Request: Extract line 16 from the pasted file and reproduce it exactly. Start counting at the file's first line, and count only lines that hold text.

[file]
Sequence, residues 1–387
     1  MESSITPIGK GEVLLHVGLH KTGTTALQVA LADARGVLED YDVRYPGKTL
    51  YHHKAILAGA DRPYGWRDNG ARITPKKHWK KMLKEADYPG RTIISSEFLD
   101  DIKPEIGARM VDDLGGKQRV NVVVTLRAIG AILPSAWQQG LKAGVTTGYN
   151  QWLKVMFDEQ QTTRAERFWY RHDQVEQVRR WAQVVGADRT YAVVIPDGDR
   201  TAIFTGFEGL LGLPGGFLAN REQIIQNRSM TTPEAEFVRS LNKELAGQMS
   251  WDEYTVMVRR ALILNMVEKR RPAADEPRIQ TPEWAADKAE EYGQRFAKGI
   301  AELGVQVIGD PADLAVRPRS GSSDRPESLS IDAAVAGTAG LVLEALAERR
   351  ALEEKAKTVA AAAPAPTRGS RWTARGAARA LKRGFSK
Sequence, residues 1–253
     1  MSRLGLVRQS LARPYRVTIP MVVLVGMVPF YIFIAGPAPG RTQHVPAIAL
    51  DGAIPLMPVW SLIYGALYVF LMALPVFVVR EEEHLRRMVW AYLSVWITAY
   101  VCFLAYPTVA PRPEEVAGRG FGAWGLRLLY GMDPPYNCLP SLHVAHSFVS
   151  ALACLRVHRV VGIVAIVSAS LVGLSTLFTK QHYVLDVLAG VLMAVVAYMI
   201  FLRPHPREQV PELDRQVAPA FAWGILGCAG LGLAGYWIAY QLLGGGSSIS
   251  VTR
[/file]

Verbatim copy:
   251  VTR